The Thirsty Investor
Worldwide, fresh water is in dangerously short supply. Demand, however, is growing.
This has many investors wondering whether water could be the new oil.
Today, more than a billion people lack access to safe drinking water, according to the United Nations. By 2050, that number is expected to grow to nearly four billion. Even in the United States, an aging water infrastructure and regional droughts are causing water-related problems. The causes are many — rapid industrialization, increased agricultural use and population growth, for starters. But for trend-conscious investors, the effects are the same: The emerging global water crisis is fueling the growth of water-based investment opportunities.
Mining “Blue Gold”
Zealous investors have called water many things: a miracle, a gamble, a sure thing and an inevitable flop. One nickname in particular, however — blue gold — has speculators comparing water to the world’s hottest commodity: oil. But is this an apt comparison? Steve Hoffmann thinks so. He designed the Palisades Water Index, which tracks two exchange-traded funds: the PowerShares Water Resources Portfolio (PHO) and the PowerShares Global Water Portfolio (PIO).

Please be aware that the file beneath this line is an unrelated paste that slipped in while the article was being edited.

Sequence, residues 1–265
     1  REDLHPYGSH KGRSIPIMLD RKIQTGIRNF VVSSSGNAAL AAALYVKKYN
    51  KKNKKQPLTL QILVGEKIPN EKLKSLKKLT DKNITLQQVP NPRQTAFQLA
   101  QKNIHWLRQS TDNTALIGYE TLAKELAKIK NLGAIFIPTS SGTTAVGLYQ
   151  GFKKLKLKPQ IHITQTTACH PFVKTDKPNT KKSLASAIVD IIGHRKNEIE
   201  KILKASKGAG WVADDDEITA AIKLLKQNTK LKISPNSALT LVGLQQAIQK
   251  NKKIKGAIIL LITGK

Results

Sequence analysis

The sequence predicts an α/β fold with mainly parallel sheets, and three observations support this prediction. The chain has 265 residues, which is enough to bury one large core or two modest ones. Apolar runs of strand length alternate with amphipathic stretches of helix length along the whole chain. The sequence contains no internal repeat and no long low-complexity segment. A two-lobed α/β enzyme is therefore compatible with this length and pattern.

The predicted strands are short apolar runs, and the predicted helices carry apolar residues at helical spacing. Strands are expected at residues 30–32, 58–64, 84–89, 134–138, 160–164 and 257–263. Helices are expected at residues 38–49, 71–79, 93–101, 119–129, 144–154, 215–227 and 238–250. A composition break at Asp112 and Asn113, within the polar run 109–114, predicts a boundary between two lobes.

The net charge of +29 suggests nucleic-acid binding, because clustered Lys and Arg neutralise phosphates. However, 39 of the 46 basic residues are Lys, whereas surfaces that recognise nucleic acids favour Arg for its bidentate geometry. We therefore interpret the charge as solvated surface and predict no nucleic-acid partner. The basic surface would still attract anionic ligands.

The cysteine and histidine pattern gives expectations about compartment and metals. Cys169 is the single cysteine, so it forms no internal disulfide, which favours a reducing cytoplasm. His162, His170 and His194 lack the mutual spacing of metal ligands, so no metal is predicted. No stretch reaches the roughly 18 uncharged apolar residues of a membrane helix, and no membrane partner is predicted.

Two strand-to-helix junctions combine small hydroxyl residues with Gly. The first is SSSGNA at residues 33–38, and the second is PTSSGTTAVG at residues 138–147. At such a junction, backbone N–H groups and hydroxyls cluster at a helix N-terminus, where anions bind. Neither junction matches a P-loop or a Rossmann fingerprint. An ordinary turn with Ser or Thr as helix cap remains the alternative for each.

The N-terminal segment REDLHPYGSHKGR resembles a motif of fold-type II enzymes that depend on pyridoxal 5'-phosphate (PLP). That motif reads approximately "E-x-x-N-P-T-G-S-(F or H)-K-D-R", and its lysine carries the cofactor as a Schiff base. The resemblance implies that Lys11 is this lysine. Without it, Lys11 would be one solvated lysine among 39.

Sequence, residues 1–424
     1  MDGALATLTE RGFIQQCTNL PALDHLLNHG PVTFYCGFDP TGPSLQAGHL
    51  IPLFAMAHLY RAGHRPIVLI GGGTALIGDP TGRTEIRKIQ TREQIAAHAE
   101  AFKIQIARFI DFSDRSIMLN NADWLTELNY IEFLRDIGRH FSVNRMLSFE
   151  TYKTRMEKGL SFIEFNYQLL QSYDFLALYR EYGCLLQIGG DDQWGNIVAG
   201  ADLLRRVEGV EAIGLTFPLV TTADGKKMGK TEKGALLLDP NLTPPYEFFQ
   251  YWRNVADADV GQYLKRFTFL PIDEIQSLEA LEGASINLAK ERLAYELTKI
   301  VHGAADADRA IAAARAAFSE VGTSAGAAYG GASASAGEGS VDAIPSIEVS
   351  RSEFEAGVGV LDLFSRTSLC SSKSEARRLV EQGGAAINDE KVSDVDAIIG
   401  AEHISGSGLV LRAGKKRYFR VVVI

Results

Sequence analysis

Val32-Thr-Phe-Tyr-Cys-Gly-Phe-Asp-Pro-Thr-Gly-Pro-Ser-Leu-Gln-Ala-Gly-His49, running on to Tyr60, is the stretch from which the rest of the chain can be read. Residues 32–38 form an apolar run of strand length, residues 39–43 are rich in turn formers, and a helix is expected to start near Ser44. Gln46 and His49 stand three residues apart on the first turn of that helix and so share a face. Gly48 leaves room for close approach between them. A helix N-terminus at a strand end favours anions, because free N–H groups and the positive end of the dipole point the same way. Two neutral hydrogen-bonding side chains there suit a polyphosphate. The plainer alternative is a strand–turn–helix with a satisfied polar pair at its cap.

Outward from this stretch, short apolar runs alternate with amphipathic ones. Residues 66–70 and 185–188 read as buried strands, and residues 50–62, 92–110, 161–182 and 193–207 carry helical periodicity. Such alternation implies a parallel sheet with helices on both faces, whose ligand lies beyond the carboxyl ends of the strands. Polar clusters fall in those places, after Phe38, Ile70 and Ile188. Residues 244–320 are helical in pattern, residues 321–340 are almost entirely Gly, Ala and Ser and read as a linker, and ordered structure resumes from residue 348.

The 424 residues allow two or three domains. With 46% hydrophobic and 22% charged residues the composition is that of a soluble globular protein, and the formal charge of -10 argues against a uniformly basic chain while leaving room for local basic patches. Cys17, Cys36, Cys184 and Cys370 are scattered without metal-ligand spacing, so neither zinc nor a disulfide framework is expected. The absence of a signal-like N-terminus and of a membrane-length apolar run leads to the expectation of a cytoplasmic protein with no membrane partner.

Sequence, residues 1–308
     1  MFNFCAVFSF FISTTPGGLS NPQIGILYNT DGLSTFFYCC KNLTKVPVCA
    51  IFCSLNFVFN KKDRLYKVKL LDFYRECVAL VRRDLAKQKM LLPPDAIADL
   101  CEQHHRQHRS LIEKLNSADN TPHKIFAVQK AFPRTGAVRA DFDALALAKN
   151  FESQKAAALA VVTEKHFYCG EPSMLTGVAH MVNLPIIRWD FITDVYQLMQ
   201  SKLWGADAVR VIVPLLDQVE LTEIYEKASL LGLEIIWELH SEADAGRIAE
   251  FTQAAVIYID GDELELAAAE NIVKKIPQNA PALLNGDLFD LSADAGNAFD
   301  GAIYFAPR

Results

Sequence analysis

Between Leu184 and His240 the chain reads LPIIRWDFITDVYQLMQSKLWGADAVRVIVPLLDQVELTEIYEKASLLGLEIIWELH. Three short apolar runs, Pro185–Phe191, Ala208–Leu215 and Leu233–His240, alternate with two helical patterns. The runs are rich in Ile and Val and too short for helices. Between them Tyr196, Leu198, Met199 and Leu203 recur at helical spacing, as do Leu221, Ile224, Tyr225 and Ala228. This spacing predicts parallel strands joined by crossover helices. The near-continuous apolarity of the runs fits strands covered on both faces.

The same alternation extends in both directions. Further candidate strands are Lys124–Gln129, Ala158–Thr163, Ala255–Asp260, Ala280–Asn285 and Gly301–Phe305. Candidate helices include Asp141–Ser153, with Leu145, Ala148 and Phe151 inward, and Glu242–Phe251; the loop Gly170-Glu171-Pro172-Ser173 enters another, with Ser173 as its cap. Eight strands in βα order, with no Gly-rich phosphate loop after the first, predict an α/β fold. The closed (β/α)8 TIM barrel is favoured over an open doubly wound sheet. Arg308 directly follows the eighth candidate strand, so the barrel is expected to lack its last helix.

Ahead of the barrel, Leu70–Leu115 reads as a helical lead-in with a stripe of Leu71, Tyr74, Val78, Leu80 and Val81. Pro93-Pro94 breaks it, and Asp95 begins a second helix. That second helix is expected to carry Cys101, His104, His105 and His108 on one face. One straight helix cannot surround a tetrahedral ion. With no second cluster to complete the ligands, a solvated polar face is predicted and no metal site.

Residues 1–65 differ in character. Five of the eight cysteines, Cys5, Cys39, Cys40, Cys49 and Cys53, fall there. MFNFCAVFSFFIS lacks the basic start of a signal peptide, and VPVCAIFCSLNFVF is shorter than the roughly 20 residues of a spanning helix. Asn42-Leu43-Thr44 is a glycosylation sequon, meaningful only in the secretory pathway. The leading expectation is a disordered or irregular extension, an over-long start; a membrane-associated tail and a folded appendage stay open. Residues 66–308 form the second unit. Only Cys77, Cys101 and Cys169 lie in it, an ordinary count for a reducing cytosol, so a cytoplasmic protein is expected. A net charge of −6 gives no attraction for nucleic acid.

“Is water the next oil? By and large, if you recognize the economic value of water, which includes human health, then yes, you have to attribute the implied level of strategic importance to water,” Hoffmann says. “It is a very critical resource that has implications that can be as significant as oil, especially from an economic development perspective.”
While oil alternatives exist, there is no substitute for water. Compared to oil, then, experts argue that water is incredibly undervalued.
Fresh surface water, unlike oil, generally renews itself. But in many places today, demand outstrips nature’s replenishment process. On the other hand, while oil alternatives exist, including coal, nuclear energy, solar power and wind power, there is no substitute for water. Compared to oil, then, experts argue that it’s incredibly undervalued. “Water is critical,” says Nicholas Parker, co-founder and chairman of the Toronto- and San Francisco-based Cleantech Group, creator of the Cleantech Index, which tracks clean technology and includes many water purification companies. “We’re paying more retail for [bottled] water than we are for gasoline. And yet we’re obsessed with $100 per barrel; why aren’t we obsessed with $2 per liter?”